Model Colony residents demand early repair to houses damaged in plane crash

Updated 03 Jun 2020


PLANE crash affected residents of Model Colony speak at the press conference on Tuesday.—PPI
PLANE crash affected residents of Model Colony speak at the press conference on Tuesday.—PPI

KARACHI: Lamenting the lethargic attitude of the authorities concerned despite promises both from the federal and the provincial governments, affected residents of Model Colony’s Jinnah Garden, where a Pakistan International Airlines plane crashed on May 22, on Tuesday called for early rebuilding of their damaged houses and compensation for their properties.

Speaking at a press conference at the site of the PK-8303 crash, which claimed the lives of 99 passengers and crewmembers and one teenage girl on the ground, the residents said the governments and their officers were more interested in collecting data and meeting formalities instead of focusing on “real issues”.

They said majority of the affected residents were living in alternative places hoping to return to their homes as soon as possible.

“[It is] true that structures of majority of the houses are intact,” said Liaquat Hussain, one of the residents. “But they [houses] are not liveable. They are badly damaged and can collapse anytime. Is the government waiting for another disaster? The utility services of the area are not effective anymore. They all need renovation and revival. It has been more than 10 days that majority of the families of this street are living in their relatives’ houses or temporary rented places.”

Affected people are unhappy over unmet promises of federal and provincial govts

The city administration after the incident had finalised a list of the loss of property caused by the May 22 plane crash, finding 18 houses partially damaged and two completely damaged as the federal government had also vowed to bear all financial burden of the compensation to the affected families.

A committee formed by Karachi Commissioner Iftikhar Shallwani completed its survey and finally came up with a report that suggested that two houses measuring 120 square yards each were completely damaged while structures of 18 other houses was partially damaged in the incident.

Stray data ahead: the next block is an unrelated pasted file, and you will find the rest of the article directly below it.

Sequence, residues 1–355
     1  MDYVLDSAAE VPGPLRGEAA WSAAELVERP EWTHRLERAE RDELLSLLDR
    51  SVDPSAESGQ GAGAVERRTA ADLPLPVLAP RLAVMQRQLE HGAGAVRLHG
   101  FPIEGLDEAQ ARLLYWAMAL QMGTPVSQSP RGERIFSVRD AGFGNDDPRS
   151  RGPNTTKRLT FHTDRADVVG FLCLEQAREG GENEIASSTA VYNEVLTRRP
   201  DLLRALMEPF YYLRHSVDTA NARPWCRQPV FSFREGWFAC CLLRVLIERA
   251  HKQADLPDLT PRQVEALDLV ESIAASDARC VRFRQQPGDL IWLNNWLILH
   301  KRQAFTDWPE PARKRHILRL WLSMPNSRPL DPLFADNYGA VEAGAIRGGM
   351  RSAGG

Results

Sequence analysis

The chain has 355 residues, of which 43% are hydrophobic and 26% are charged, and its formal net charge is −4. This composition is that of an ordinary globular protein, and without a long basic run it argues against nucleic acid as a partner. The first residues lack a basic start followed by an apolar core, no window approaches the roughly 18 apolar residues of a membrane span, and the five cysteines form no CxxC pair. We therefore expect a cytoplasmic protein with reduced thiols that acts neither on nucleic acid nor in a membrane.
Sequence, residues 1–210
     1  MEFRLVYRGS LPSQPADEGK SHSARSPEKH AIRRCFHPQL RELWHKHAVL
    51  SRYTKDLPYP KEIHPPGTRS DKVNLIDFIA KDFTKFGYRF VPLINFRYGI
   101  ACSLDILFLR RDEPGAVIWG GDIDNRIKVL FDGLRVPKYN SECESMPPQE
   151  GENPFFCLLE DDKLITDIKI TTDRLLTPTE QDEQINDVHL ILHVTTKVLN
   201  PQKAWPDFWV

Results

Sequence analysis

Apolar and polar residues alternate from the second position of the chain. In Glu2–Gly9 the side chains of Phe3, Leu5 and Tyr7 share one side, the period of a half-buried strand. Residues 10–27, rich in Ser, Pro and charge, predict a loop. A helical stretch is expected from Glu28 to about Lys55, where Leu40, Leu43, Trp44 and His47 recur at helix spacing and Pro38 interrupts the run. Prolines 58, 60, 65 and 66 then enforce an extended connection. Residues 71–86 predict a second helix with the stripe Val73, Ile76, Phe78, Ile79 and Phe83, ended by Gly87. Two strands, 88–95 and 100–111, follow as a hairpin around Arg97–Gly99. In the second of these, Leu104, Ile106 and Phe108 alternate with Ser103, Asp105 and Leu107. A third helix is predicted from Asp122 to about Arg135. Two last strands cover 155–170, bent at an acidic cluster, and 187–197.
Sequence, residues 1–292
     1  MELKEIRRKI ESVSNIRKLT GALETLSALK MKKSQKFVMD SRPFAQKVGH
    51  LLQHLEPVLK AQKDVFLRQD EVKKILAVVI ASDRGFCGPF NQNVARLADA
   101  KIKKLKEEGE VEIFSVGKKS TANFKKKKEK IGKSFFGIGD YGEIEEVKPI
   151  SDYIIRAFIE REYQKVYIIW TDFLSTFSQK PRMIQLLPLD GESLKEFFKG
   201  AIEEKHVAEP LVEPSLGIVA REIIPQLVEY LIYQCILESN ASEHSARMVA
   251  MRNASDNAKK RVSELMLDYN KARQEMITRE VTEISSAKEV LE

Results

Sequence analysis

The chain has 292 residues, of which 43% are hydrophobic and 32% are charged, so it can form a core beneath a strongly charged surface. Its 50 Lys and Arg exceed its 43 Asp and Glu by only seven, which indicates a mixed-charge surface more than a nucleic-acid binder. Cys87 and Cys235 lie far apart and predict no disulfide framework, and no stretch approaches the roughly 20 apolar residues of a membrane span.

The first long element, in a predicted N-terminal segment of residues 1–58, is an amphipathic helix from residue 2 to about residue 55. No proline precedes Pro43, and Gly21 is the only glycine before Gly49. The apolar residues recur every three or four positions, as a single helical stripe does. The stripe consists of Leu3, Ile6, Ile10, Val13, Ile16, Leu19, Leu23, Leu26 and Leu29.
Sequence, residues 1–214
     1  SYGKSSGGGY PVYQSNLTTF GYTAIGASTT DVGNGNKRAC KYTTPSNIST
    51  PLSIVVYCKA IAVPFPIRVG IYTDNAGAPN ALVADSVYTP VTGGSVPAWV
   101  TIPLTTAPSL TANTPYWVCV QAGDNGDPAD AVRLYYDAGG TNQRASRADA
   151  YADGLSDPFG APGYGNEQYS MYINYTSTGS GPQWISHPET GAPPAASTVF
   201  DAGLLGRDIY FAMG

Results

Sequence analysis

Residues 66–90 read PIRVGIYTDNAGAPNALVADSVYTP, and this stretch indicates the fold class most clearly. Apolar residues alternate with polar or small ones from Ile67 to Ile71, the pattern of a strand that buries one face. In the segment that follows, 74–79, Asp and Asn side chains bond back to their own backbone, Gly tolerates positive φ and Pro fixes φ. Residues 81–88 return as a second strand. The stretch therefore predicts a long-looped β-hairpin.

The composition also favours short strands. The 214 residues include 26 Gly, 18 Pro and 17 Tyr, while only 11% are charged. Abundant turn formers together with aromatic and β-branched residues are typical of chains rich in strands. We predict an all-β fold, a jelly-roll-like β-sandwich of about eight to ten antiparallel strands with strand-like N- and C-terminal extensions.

“The street which bore the brunt of the crash has total 20 houses,” said the report. “In the 20 houses, two are completely damaged and razed to the ground. They need reconstruction. Other 18 houses were damaged as well. In most of the cases, upper parts of the houses were damaged where their concrete structure was hit by the crashed plane. Fortunately, their structures mostly remained intact.”

In other losses, the report said, total 10 cars and 14 motorbikes were also hit by the plane’s burning wreckage and all of them got almost completely destroyed.

Another resident Malik Ashraf said that the families were fed up with the formalities as every day different departments of the government demanded new details and data to “compile the final list”.

The formalities, he said, had yet to come to an end before the relief operation for the victims started.

“The families of this area have already experienced enough trauma and the government departments are making things worse. No one is here to address the real issues. One day they need one thing and the second day they need another. And all is being done in the name of formalities and procedure,” he said.

Published in Dawn, June 3rd, 2020